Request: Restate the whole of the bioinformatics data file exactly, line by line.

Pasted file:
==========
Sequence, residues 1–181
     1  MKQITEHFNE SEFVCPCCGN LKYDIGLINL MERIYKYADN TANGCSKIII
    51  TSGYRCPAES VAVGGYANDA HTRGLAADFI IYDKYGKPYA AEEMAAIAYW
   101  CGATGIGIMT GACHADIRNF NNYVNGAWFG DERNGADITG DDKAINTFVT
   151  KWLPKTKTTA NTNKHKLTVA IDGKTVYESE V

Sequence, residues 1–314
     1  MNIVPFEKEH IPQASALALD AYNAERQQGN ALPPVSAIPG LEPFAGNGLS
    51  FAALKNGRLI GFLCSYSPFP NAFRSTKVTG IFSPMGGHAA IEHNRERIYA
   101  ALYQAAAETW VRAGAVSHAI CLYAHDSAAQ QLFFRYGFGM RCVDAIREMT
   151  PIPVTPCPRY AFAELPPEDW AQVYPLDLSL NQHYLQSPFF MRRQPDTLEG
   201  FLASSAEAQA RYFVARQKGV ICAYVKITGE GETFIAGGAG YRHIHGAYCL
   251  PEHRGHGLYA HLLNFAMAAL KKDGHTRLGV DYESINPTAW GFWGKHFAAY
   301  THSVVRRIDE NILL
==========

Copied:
Sequence, residues 1–181
     1  MKQITEHFNE SEFVCPCCGN LKYDIGLINL MERIYKYADN TANGCSKIII
    51  TSGYRCPAES VAVGGYANDA HTRGLAADFI IYDKYGKPYA AEEMAAIAYW
   101  CGATGIGIMT GACHADIRNF NNYVNGAWFG DERNGADITG DDKAINTFVT
   151  KWLPKTKTTA NTNKHKLTVA IDGKTVYESE V

Sequence, residues 1–314
     1  MNIVPFEKEH IPQASALALD AYNAERQQGN ALPPVSAIPG LEPFAGNGLS
    51  FAALKNGRLI GFLCSYSPFP NAFRSTKVTG IFSPMGGHAA IEHNRERIYA
   101  ALYQAAAETW VRAGAVSHAI CLYAHDSAAQ QLFFRYGFGM RCVDAIREMT
   151  PIPVTPCPRY AFAELPPEDW AQVYPLDLSL NQHYLQSPFF MRRQPDTLEG
   201  FLASSAEAQA RYFVARQKGV ICAYVKITGE GETFIAGGAG YRHIHGAYCL
   251  PEHRGHGLYA HLLNFAMAAL KKDGHTRLGV DYESINPTAW GFWGKHFAAY
   301  THSVVRRIDE NILL